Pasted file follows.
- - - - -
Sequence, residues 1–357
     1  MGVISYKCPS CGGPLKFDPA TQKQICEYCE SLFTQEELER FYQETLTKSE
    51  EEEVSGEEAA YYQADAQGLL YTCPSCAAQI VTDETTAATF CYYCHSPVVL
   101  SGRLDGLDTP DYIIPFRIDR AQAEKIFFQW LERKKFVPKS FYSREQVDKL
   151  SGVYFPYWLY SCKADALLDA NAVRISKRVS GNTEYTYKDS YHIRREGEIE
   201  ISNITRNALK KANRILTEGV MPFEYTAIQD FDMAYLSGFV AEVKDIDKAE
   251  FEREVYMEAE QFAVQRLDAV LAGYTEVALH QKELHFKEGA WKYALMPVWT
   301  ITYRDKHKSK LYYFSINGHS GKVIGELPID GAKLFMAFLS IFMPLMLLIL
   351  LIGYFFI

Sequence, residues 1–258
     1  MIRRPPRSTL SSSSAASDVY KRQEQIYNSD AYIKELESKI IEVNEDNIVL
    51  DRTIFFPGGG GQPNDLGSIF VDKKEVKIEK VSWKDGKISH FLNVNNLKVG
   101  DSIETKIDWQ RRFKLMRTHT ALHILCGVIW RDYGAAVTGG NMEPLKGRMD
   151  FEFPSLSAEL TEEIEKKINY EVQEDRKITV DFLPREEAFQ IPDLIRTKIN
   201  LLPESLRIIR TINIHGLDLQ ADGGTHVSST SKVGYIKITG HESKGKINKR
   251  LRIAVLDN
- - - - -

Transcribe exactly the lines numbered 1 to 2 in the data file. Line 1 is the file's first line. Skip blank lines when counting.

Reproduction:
Sequence, residues 1–357
     1  MGVISYKCPS CGGPLKFDPA TQKQICEYCE SLFTQEELER FYQETLTKSE